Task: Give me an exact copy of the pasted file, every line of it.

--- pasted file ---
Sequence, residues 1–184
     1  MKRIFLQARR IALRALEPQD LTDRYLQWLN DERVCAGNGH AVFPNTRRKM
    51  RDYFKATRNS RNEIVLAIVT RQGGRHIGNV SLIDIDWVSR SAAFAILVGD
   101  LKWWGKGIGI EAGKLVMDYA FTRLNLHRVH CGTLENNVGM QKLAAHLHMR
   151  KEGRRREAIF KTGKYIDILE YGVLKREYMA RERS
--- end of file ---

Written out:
Sequence, residues 1–184
     1  MKRIFLQARR IALRALEPQD LTDRYLQWLN DERVCAGNGH AVFPNTRRKM
    51  RDYFKATRNS RNEIVLAIVT RQGGRHIGNV SLIDIDWVSR SAAFAILVGD
   101  LKWWGKGIGI EAGKLVMDYA FTRLNLHRVH CGTLENNVGM QKLAAHLHMR
   151  KEGRRREAIF KTGKYIDILE YGVLKREYMA RERS